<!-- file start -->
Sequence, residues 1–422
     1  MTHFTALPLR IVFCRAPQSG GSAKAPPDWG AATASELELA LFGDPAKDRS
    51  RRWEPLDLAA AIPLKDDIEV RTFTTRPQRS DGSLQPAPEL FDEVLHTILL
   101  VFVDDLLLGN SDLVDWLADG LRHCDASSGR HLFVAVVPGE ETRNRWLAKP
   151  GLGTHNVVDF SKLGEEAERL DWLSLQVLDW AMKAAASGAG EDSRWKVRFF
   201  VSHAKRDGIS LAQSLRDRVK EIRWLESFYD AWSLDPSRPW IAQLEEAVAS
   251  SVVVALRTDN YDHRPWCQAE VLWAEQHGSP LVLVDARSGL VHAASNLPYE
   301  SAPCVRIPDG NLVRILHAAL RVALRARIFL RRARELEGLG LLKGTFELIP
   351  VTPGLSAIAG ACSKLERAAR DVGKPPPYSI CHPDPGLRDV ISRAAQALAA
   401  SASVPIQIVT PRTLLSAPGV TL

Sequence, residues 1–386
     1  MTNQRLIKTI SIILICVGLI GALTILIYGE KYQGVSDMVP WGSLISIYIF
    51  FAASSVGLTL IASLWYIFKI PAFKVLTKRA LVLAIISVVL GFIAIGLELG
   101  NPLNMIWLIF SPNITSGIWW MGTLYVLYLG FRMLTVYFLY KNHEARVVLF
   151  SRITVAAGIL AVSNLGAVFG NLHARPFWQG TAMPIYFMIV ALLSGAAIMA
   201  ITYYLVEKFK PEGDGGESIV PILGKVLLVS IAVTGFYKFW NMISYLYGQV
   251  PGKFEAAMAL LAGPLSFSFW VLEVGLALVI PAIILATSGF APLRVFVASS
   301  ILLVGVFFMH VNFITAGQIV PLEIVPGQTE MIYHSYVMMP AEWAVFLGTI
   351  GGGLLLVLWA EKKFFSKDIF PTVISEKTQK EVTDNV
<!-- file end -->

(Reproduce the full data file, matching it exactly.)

Sequence, residues 1–422
     1  MTHFTALPLR IVFCRAPQSG GSAKAPPDWG AATASELELA LFGDPAKDRS
    51  RRWEPLDLAA AIPLKDDIEV RTFTTRPQRS DGSLQPAPEL FDEVLHTILL
   101  VFVDDLLLGN SDLVDWLADG LRHCDASSGR HLFVAVVPGE ETRNRWLAKP
   151  GLGTHNVVDF SKLGEEAERL DWLSLQVLDW AMKAAASGAG EDSRWKVRFF
   201  VSHAKRDGIS LAQSLRDRVK EIRWLESFYD AWSLDPSRPW IAQLEEAVAS
   251  SVVVALRTDN YDHRPWCQAE VLWAEQHGSP LVLVDARSGL VHAASNLPYE
   301  SAPCVRIPDG NLVRILHAAL RVALRARIFL RRARELEGLG LLKGTFELIP
   351  VTPGLSAIAG ACSKLERAAR DVGKPPPYSI CHPDPGLRDV ISRAAQALAA
   401  SASVPIQIVT PRTLLSAPGV TL

Sequence, residues 1–386
     1  MTNQRLIKTI SIILICVGLI GALTILIYGE KYQGVSDMVP WGSLISIYIF
    51  FAASSVGLTL IASLWYIFKI PAFKVLTKRA LVLAIISVVL GFIAIGLELG
   101  NPLNMIWLIF SPNITSGIWW MGTLYVLYLG FRMLTVYFLY KNHEARVVLF
   151  SRITVAAGIL AVSNLGAVFG NLHARPFWQG TAMPIYFMIV ALLSGAAIMA
   201  ITYYLVEKFK PEGDGGESIV PILGKVLLVS IAVTGFYKFW NMISYLYGQV
   251  PGKFEAAMAL LAGPLSFSFW VLEVGLALVI PAIILATSGF APLRVFVASS
   301  ILLVGVFFMH VNFITAGQIV PLEIVPGQTE MIYHSYVMMP AEWAVFLGTI
   351  GGGLLLVLWA EKKFFSKDIF PTVISEKTQK EVTDNV